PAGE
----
Odds and Ends
You often will see references in ads to "early birds". These are people who arrive BEFORE the sale starts and hope to get first dibs. I personally have not found this strategy to be worth the effort. A lot of yardsalitors are still groggy themselves as they're setting up and early birds are a nuisance. I live thirty minutes from the closest metropolitan area, and have to get up early enough as it is, so I don't do this. However, you might find it profitable to be an early bird. Look for sales that say, "Early birds welcome." They will be prepared for you.
As the day progresses, yardsale prices usually become less and less expensive. Some large church sales will reduce the price of EVERYTHING by halves after eleven o'clock in the morning.
Avoid wild goose chases. Look for DATES on posted yard sale signs. It is an unfortunate phenomenon of yardsalitors to simply quit when they're through, without taking down all of the signs they posted. This can be confusing the following Saturday when you begin encountering last week's signs. Indicators that an undated sign might be old ... it's been rained on, is bent to the point that it is difficult to read, or simply looks weathered.
Always make sure an item you are purchasing works, and has all the parts. Don't be afraid to ask for a demonstration, or if you can plug it in, or use their bathroom to try something on. Ask if they have the owner's manual. Once you've bought it, it's yours, so make sure of these things BEFORE you leave. If you're purchasing upholstered furniture or rugs, SMELL them. I once neglected to do this and had to ride around for the rest of the day inhaling eau de cat urine.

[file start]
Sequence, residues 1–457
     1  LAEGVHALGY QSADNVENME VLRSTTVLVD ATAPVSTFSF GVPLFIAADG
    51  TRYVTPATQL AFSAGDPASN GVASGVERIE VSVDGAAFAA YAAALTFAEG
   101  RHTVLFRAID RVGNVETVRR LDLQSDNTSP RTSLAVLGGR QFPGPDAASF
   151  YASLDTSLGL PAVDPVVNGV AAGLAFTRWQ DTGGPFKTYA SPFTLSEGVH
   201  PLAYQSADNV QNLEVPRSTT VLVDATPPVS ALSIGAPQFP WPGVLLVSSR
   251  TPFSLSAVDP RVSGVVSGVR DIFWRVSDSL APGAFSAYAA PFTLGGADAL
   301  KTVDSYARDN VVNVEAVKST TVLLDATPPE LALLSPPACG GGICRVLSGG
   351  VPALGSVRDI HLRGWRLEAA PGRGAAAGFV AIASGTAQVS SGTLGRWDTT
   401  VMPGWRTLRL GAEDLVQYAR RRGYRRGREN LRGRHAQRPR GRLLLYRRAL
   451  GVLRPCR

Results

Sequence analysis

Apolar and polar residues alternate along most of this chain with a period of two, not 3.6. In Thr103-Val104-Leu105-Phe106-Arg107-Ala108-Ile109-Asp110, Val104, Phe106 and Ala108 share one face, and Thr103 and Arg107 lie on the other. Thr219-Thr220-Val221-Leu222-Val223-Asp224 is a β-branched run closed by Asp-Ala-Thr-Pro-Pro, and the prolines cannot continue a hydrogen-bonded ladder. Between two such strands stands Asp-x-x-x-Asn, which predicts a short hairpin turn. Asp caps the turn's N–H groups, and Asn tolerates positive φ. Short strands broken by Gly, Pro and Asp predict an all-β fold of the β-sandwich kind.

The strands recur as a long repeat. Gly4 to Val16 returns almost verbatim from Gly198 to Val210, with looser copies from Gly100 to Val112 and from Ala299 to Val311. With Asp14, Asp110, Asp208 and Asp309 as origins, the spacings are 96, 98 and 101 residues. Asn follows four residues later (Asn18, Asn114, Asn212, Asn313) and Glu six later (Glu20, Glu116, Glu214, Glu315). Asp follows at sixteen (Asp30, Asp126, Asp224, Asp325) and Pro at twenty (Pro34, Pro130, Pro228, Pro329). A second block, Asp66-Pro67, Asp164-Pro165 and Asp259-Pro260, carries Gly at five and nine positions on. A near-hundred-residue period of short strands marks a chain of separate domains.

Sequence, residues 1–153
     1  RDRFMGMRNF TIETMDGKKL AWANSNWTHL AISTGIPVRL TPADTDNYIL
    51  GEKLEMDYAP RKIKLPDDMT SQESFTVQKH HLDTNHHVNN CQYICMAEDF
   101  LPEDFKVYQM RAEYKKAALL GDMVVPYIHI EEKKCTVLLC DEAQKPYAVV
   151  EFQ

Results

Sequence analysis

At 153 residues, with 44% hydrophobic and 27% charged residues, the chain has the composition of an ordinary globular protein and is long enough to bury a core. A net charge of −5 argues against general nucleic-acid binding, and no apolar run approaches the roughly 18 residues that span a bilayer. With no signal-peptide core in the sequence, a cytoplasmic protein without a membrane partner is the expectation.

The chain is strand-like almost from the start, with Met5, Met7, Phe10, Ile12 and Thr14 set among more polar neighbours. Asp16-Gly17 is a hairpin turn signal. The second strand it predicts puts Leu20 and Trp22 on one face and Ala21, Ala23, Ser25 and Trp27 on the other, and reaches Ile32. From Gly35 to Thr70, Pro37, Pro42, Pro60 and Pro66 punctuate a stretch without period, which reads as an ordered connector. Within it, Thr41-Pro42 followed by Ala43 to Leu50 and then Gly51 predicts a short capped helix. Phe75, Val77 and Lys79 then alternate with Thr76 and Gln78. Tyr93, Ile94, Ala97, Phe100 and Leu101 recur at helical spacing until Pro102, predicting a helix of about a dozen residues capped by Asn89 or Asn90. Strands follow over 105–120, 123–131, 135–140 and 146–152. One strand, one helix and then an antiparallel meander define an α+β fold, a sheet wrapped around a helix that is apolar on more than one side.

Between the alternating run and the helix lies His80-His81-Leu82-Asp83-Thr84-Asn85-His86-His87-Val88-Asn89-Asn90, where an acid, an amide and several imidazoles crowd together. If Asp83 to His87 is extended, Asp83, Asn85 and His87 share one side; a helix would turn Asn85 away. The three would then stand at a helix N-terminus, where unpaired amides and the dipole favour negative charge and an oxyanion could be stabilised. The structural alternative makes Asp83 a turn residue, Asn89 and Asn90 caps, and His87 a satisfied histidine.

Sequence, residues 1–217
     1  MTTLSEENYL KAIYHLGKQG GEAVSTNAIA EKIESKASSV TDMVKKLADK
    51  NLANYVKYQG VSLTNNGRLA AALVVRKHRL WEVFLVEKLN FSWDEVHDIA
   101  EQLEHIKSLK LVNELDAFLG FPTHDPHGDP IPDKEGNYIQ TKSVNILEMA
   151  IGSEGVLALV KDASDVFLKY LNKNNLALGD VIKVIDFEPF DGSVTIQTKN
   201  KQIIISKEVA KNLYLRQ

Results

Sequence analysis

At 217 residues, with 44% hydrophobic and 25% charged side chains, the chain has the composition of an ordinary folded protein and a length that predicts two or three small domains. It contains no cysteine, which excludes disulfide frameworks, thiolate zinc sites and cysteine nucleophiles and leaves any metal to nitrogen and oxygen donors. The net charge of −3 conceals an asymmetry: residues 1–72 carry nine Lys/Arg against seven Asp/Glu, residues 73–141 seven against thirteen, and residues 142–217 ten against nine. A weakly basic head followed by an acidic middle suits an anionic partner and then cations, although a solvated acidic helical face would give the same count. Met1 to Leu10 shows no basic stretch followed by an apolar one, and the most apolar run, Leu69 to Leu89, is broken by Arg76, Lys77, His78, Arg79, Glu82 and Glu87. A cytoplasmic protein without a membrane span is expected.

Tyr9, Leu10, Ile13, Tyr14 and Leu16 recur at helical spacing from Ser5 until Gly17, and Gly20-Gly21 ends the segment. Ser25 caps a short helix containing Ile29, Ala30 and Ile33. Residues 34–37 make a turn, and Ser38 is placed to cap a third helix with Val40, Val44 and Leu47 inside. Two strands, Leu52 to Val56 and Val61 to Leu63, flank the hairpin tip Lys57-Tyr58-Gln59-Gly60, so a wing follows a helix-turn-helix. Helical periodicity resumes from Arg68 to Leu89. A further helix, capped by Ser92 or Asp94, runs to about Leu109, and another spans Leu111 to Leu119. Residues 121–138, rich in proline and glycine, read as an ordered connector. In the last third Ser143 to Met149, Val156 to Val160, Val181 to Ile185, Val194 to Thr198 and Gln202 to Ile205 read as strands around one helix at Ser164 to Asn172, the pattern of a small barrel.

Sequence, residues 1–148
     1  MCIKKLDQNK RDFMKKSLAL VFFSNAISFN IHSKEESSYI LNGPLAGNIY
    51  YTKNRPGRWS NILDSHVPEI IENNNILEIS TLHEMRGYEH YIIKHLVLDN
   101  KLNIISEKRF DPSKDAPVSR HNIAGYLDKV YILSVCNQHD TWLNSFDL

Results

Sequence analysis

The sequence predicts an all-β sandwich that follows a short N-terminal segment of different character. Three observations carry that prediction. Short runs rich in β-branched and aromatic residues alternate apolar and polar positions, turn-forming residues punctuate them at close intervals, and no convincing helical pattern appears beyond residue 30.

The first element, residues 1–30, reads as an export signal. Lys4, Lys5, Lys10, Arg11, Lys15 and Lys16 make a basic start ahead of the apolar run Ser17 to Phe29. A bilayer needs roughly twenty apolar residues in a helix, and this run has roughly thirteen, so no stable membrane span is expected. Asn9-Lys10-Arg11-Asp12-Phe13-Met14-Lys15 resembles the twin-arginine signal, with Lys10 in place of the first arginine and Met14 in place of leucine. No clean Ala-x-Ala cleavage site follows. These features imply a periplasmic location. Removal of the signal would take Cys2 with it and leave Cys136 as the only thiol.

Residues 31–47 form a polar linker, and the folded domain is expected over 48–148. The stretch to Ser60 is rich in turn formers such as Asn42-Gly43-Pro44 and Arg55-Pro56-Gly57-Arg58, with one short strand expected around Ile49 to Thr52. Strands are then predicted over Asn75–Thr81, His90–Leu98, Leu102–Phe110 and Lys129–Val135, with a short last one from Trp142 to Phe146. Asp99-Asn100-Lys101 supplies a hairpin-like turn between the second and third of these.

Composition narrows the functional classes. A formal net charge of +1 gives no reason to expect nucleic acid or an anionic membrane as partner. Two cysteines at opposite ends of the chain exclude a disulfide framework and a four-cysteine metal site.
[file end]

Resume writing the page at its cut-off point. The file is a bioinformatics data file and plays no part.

How to Profit
It may be that you are content with simply buying for yourself, and enjoying your fabulous deals. However, it's possible to profit further from yardsales by reselling some items, when you recognize them to be true deals. Whether you end up with your own resale establishment, or simply re-offer your finds on Craig's List or Ebay, there is a potential for profit. If profit from resale is your goal, you definitely need a cell phone with Internet access, in order check on the going retail prices. Books fall into this category. I have purchased books for a quarter that I brought home and sold on Amazon for thirty dollars. I've also purchased books I thought would sell on Amazon, only to get home and find there are hundreds just like it, selling for pennies.
Yardsaling is fun recreational activity that is positively ADDICTING. Enjoy, and happy hunting!